Academic administrators' attitudes towards interprofessional education in Canadian schools of health professional education

Vernon R Curran, Diana R Deacon, Lisa Fleet
Journal of Interprofessional Care 2005, 19: 76-86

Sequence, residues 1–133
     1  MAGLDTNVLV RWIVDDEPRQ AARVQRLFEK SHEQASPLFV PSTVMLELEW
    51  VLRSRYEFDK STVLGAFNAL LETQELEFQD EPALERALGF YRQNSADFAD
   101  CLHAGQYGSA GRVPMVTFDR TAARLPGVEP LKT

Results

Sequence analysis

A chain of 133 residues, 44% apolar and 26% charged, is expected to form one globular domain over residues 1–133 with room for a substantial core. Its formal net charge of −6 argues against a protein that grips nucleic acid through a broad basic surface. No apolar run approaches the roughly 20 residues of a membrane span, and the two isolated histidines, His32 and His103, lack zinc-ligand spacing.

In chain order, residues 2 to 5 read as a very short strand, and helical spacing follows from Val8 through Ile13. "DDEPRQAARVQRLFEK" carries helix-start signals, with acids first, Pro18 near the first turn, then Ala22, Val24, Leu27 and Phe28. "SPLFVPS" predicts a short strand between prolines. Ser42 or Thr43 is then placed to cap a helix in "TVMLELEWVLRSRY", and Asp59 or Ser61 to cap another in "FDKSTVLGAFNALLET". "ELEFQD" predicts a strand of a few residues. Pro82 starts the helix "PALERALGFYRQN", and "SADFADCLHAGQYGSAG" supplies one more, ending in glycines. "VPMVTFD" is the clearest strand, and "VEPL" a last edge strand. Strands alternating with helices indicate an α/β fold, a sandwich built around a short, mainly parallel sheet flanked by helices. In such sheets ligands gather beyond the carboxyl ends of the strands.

Interprofessional education is an approach to educating and training students and practitioners from different health professions to work in a collaborative manner in providing client and/or patient-centred care. The introduction and successful implementation of this educational approach is dependent on a variety of factors, including the attitudes of students, faculty, senior academic administrators (e.g., deans and directors) and practitioners. The purpose of this study was to examine attitudes towards interprofessional teamwork and interprofessional education amongst academic administrators of post-secondary health professional education programs in Canada. A web-based questionnaire in English and French was distributed via e-mail messaging during January 2004 to academic administrators in Canada representing medicine, nursing, pharmacy, social work, occupational therapy and physiotherapy post-secondary educational programs. Responses were sought on attitudes towards interprofessional teamwork and interprofessional education, as well as opinions regarding barriers to interprofessional education and subject areas that lend themselves to interprofessional education. In general, academic administrators responding to the survey hold overall positive attitudes towards interprofessional teamwork and interprofessional education practices, and the results indicate there were no significant differences between professions in relation to these attitudinal perspectives. The main barriers to interprofessional education were problems with scheduling/calendar, rigid curriculum, turf battles and lack of perceived value. The main pre-clinical subject areas which respondents believed would lend themselves to interprofessional education included community health/prevention, ethics, communications, critical appraisal, and epidemiology. The results of this study suggest that a favourable perception of both interprofessional teamwork and interprofessional education exists amongst academic administrators of Canadian health professional education programs. If this is the case, the post-secondary system in Canada is primed for the introduction of interprofessional education initiatives which support the development of client and patient-centred collaborative practice competencies.

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